Pupils with SEND receive extra support before and after school. This means that they do not miss lessons during the day and that they study the full curriculum. The nurture group is a particular strength.

The pupils enjoy coming to school and like the support, guidance and care they receive.

The headteacher and senior leaders are effective in their roles. They are well respected by staff, parents and pupils.

Senior leaders have coped admirably with recent staff turbulence, building works and an increase in pupil numbers. Staff appreciate the opportunity to develop professionally and to learn from each other. Staff told inspectors that senior leaders are mindful of their workload.

The effective early years leader ensures that children get off to a great start. Skilled staff work well with children to develop their knowledge and skills. Relationships between adults and children are warm and positive.

Children are cared for well. Resources are good. The classrooms are busy yet calm.

Children are engaged and engrossed in the provided activities. The outdoor area allows children to develop physically. Adults assess children frequently.

This information helps teachers plan future activities. Parents receive up-to-date information about their child's development.

The governing body is highly effective.

This is because its members are knowledgeable, experienced and well trained. Minutes of meetings show that they hold senior leaders to account for their actions. The school receives an appropriate mix of support and challenge from the trust.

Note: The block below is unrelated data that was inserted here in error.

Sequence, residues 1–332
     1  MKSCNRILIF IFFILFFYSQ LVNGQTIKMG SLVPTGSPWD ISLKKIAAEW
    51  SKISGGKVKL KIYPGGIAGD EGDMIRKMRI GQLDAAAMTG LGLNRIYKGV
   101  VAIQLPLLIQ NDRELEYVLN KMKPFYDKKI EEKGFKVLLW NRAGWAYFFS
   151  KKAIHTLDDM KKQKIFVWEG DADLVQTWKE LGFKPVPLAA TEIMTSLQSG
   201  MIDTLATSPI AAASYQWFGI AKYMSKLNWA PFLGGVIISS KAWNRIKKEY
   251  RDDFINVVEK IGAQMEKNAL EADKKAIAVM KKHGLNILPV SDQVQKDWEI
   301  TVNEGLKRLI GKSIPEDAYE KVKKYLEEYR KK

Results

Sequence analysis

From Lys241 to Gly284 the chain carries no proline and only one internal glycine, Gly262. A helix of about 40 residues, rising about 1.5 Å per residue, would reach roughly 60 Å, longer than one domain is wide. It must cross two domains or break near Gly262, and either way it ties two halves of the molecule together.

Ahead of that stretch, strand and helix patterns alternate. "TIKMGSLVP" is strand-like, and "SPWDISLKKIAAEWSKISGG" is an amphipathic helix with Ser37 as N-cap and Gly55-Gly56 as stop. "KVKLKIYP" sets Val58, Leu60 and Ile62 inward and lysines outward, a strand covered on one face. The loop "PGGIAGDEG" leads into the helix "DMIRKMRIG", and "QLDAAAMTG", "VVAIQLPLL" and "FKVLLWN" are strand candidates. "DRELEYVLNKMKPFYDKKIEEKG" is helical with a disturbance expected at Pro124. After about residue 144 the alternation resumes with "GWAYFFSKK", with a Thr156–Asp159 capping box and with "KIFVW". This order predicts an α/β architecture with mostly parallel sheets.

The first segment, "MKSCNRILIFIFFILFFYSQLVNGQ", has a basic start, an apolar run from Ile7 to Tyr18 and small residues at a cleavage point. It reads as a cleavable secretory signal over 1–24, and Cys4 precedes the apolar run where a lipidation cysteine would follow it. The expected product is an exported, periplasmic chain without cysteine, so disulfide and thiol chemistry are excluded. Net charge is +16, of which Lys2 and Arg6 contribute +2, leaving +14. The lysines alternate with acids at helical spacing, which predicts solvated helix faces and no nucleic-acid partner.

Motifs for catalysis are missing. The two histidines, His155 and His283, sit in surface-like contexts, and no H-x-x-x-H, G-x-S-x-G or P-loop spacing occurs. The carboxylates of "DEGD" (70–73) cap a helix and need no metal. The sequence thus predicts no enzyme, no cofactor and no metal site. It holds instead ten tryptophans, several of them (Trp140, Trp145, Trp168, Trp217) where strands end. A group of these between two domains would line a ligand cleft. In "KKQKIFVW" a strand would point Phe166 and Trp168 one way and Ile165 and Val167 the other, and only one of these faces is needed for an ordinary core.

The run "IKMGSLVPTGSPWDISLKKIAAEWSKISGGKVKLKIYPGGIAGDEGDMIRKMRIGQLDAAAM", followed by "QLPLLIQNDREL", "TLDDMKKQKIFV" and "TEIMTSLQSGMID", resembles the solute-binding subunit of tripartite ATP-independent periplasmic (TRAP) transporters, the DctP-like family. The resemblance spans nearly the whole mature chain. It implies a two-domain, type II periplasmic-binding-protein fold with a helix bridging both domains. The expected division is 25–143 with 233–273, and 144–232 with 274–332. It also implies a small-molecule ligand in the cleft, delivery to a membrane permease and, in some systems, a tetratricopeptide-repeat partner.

The arrangements for safeguarding are effective.

All staff have a good knowledge of the latest statutory safeguarding guidance. They know how to spot the signs of neglect, peer-on-peer abuse and county lines drug trafficking.

Staff know what to do should they have any safeguarding concerns about a pupil or family. There are thorough checks made on adults before they can work or volunteer at the school. The safeguarding leaders have received training on a new online safeguarding recording system.

Not all staff have received training on how to use this system. This training should be undertaken promptly.

What does the school need to do to improve?

(Information for the school and appropriate authority)

Leaders have ensured that the curriculum is broad and balanced.

However, not all of the foundation subjects are planned and sequenced well enough. It is not always clear how pupils' learning in these subjects is linked and built on from year to year. Leaders should ensure that all subjects are planned carefully so that progression in these subjects is clear.

. Pupils do not receive a fully planned personal, social, health and economic (PSHE) curriculum. For example, there are gaps in pupils' knowledge and understanding of different faiths and cultures.

Pupils are therefore not as well prepared for life in modern Britain as they should be. Leaders should ensure that the PSHE curriculum provides pupils with increased opportunities to learn about faiths and cultures that are different to their own. .

Not all staff have received training on how to use the new online system to record their safeguarding concerns. As a result, safeguarding records are not consistently of a high quality. Leaders must ensure that all staff fully understand how to record any safeguarding concerns they may have.

Also at this postcode